@Kirsten if it would be helpful I’m happy to setup a test book, if others think worth exploring.
Hey all I agree with critiques of the user guide and am open to exploring Gitbook
I think Gitbook is a brilliant idea and much better than overhauling WP
note: the free version of Gitbook for open source projects has a limit of 5 collaborators
Perhaps one key decision if Gitbook is used is whether the book content is stored in a GH repo inside https://github.com/openfoodfoundation. If that was done, anyone who has permission to commit to that repo could add content. Gitbook will sync changes and also push changes back to GH that were committed direct to the book. See https://help.gitbook.com/github/can-i-host-on-github.html. So the 5 person limit is not too serious.
So if we used github for this - would this still appear seamless to the new user in OFN? I mean would it still basically be a link to the user guide as it is now? (apologies for the obvious question again - but I just want to make sure new users don’t have to go to a different platform for the user guide - because they won’t bother.)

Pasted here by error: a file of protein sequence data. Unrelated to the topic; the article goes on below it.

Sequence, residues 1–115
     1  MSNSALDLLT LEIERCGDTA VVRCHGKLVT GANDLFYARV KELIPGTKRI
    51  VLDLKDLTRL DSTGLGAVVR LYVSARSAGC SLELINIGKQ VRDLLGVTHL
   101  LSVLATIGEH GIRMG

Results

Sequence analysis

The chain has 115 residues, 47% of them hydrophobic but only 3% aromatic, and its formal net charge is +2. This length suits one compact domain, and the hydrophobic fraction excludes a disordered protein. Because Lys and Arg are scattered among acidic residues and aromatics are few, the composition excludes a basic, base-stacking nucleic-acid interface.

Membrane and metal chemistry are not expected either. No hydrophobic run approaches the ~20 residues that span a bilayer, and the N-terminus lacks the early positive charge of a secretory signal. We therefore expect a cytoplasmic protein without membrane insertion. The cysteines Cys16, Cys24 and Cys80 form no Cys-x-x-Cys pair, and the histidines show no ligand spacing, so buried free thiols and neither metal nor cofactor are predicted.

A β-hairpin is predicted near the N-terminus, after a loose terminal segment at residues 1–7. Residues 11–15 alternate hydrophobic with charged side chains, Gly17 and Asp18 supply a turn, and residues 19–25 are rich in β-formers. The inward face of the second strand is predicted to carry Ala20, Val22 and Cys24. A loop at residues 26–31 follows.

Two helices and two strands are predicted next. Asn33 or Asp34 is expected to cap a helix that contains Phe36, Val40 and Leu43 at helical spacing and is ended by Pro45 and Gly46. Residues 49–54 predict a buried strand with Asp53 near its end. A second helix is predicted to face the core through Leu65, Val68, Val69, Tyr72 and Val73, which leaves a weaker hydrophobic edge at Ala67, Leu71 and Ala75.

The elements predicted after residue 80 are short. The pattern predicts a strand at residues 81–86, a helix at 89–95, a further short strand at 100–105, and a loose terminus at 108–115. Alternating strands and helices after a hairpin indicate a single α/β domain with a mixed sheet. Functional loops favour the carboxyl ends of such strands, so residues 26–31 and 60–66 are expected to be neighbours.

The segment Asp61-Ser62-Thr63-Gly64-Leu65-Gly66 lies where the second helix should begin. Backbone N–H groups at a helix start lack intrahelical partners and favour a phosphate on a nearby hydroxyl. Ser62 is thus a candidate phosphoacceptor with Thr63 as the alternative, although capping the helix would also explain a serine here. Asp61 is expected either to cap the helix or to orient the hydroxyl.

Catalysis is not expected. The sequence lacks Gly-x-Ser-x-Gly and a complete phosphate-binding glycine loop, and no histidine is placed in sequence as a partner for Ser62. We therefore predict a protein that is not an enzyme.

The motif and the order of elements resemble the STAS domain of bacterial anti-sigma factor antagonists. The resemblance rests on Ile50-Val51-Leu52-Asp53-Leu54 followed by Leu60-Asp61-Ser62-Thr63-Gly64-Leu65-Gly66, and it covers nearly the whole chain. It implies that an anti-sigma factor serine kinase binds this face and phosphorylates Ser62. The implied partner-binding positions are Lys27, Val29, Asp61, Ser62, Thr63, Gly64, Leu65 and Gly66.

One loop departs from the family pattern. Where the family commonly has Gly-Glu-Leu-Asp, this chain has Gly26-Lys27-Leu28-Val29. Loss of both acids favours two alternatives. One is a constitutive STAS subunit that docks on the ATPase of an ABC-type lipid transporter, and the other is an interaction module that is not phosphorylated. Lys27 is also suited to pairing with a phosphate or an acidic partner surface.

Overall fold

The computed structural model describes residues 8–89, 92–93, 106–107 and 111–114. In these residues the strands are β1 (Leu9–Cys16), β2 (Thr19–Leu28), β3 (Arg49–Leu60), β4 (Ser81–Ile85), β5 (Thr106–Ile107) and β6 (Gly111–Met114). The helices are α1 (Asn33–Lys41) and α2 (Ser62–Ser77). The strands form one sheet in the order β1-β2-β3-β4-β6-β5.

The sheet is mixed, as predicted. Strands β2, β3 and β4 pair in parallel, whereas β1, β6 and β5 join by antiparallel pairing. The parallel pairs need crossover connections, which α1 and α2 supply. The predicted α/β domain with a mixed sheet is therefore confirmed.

Yes, it would be a link to a guide that would look similar to the examples above (e.g. https://handbook.enspiral.com/) that could live at guide.openfoodnetwork.org. Just a set of web pages to read, only editors would need to know it is hosted on Gitbook/Github.
I understand the interest of GitBook and would definitely be open also to it. In France we have translated part of the user guide into our discourse, as I thought it’s already hard to get people on one tool, so I wanted to have it all there… I liked also the easy way to comment the guide. But being realistic, I also do realize that people don’t use it and prefer calling me and asking me the questions :-o
So I like your approach @tschumilas the ideal situation would be that the website is SO intuitive that there is not need for a user guide Or on each page of the user journey identify what can be the questions and have some form of pop-in support. Like when first contact with the admin panel, a pop-in would appear with the 5-6-7 enterprise models and you can clic on your type of enterprise and you have a custom “demo” a bit like when you connect to Slack the first time, the platform shows you things live.
Ok we’ll see that in a few years Meanwhile I think we could have a pop-in when first connection to admin panel with a choice between 5-6-7 “quick start guides” depending on the type of entreprise you want to set up, as suggested by Theresa.